City addresses housing shortage
07/17/2018 04:00 PM
Odessa officials are exploring a city-funded study of housing needs in hopes of drawing builders who can provide homes for workers amid increasing scarcity and rising costs driven by the oil boom.

The Odessa Development Corporation, which oversees a sales tax fund intended for economic development, wants to fund the study. The Odessa City Council could ratify the board’s decision to seek proposals from housing market experts as soon as next week. ODC officials hope to approve funding a study next month, but costs are unclear, ahead of the proposals.

What is clear is the shortage of housing.

Apartment rents are surging. In Odessa, average monthly rent of a one-bedroom apartment has increased nearly 25 percent since July 2017, according to the data collected by the Odessa Chamber of Commerce for its annual apartment survey, completed this month.

Costs of buying homes are also increasing. The Odessa Board of Realtors reported 1.4 months of housing inventory in June, a measure of market that estimates how long it would take all the listed homes to sell. That’s a stark change from June 2017, when the market was already tight in Odessa with 4.2 months of inventory. A balanced housing market has about six months of inventory.

“Everybody is facing this, and it doesn’t matter if it’s a welder making $75,000 a year or a teacher, it’s the same story,” ODC President Betsy Triplett-Hurt said. “And that’s why I’m very comfortable requesting a survey to help save this problem.”

The ODC, which faces state restrictions on ways it can spend the tax fund, has historically avoided directly owning land or constructing buildings.

Triplett-Hurt said the housing shortage “is truly a detriment to economic development” because it makes it harder to bring in workers. That justifies using the economic development fund to address the problem, she said, adding that the city’s long-range plan also calls for addressing workforce housing.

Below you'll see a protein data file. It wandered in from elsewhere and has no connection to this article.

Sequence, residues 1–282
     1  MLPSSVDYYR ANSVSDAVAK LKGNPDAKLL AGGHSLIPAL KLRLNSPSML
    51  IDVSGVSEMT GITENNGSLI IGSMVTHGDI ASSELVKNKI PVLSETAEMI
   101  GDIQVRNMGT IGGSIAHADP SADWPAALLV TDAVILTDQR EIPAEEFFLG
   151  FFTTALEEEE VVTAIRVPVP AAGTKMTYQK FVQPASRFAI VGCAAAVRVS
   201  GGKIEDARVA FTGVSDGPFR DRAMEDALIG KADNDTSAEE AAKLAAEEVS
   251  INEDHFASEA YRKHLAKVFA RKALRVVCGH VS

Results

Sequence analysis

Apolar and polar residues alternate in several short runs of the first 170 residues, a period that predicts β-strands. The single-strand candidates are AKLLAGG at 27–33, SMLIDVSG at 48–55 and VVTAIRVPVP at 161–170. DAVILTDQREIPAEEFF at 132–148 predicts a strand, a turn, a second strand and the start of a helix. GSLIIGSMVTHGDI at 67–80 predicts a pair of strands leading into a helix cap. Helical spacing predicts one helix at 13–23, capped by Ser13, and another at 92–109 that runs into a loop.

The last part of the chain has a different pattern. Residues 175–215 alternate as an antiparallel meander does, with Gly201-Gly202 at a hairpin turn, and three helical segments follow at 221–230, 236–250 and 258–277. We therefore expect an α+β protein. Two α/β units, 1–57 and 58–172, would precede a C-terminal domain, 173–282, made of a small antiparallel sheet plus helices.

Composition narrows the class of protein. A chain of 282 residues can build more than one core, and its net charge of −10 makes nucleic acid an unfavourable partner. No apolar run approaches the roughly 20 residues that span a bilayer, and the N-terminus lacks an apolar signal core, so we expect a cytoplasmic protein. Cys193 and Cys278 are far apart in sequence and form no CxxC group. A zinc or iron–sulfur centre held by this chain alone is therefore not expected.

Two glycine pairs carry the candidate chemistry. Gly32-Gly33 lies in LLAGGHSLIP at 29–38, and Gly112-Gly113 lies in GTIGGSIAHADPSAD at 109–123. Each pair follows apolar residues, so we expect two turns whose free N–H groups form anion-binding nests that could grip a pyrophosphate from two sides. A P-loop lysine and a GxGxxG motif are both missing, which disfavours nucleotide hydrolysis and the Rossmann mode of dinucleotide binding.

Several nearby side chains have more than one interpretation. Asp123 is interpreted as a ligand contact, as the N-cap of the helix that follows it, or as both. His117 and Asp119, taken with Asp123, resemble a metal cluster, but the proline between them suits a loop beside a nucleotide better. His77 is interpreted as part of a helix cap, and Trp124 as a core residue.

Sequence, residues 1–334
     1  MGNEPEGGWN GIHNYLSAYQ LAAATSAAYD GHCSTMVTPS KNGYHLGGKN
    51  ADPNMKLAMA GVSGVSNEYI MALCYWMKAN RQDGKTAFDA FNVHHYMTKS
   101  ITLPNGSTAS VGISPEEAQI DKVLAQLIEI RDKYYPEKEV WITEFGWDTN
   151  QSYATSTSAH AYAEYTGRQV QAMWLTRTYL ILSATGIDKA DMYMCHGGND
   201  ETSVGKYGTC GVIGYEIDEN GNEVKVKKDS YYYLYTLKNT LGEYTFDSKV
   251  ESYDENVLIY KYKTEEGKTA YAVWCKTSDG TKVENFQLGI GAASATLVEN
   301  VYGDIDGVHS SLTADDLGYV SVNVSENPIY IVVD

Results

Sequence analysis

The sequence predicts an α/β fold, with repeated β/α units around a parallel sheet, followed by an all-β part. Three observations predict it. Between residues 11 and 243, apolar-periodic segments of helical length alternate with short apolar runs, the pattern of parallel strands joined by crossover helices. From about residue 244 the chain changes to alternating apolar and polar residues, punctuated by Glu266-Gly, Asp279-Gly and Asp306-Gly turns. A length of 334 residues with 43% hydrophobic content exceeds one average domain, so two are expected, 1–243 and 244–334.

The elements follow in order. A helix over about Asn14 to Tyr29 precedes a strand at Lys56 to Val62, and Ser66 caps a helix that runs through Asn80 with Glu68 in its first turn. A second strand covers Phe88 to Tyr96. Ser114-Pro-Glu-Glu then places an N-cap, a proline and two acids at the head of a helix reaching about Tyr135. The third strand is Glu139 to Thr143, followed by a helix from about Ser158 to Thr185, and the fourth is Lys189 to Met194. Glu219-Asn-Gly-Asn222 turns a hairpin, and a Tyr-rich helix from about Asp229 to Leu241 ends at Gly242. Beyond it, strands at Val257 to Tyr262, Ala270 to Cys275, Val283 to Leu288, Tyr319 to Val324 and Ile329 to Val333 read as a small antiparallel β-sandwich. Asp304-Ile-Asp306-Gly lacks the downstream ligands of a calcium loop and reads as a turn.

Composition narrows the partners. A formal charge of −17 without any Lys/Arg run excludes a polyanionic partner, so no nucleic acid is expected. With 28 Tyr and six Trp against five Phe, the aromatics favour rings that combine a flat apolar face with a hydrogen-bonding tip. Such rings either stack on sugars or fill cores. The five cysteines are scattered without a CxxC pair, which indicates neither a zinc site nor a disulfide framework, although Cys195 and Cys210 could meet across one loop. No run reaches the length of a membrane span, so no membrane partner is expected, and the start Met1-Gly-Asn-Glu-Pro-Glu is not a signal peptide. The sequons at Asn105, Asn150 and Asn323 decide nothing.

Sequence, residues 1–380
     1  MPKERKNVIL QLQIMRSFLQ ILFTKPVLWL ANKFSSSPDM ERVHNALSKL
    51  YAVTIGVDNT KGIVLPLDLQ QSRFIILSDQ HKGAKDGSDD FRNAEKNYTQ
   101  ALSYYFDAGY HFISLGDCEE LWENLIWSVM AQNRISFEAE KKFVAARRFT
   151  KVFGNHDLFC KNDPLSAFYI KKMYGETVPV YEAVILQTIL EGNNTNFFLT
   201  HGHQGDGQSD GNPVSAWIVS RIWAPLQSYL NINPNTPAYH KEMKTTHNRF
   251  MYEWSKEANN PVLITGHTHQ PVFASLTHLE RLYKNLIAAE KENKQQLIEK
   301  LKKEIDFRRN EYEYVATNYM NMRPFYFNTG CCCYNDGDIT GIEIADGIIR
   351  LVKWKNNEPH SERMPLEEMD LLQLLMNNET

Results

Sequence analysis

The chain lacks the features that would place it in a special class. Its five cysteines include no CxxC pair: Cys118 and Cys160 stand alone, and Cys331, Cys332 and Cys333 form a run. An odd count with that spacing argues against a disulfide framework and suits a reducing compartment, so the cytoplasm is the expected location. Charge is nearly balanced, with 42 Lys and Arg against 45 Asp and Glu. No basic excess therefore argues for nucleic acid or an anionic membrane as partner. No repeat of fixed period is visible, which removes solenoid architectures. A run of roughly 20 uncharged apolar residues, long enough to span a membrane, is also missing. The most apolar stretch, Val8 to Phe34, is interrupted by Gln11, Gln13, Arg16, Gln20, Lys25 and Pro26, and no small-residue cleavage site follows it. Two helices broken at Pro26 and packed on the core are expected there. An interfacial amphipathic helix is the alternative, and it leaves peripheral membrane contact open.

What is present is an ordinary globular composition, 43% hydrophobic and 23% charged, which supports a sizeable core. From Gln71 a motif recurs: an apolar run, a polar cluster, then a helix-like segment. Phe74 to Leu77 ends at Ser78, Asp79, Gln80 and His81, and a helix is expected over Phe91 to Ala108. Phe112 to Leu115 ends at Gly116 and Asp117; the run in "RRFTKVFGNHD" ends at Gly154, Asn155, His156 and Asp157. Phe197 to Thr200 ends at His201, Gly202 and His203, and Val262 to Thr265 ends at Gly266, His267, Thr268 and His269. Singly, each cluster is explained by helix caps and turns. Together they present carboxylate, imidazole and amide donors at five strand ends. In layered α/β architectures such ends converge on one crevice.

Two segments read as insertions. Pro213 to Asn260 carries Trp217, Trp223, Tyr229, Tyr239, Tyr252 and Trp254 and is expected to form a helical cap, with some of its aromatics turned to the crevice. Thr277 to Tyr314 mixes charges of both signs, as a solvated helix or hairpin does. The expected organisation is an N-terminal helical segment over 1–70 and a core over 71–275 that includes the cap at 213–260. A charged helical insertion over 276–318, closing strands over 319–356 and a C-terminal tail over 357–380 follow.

“We are not building anything,” Triplett-Hurt said, even though officials might find eligible uses of public money to support residential developments for workers. “All we are asking for is that a professional organization is hired to do a study to tell us what needs to be done, how it needs to be done, when it needs to be done, and what is the best way to go about this.”

She said officials could shop the results to real estate developers and oil companies to try to spur them to invest in workforce housing. Plans call for the city-funded study to focus on Odessa, but officials say it could become part of a regional plan.

The ODC’s pursuit of a workforce housing assessment stemmed from a housing summit last month that included city officials, private developers, oil company representatives and employers ranging from nonprofits to private businesses and governmental bodies. The Odessa Chamber of Commerce organized the summit, and about 75 people attended, Chamber CEO Renee Earls said.

Earls described the city’s housing shortage as a “crisis,” citing accounts of struggles providing homes for people such as teachers and hospital workers. She said it’s important for the governmental officials to develop a plan as they seek help from the private sector.

“We are encouraging people from around the country to come here and work,” Earls said. “We need to make sure that they are able to afford a roof over their head.”
Powered By CC-Assist.NET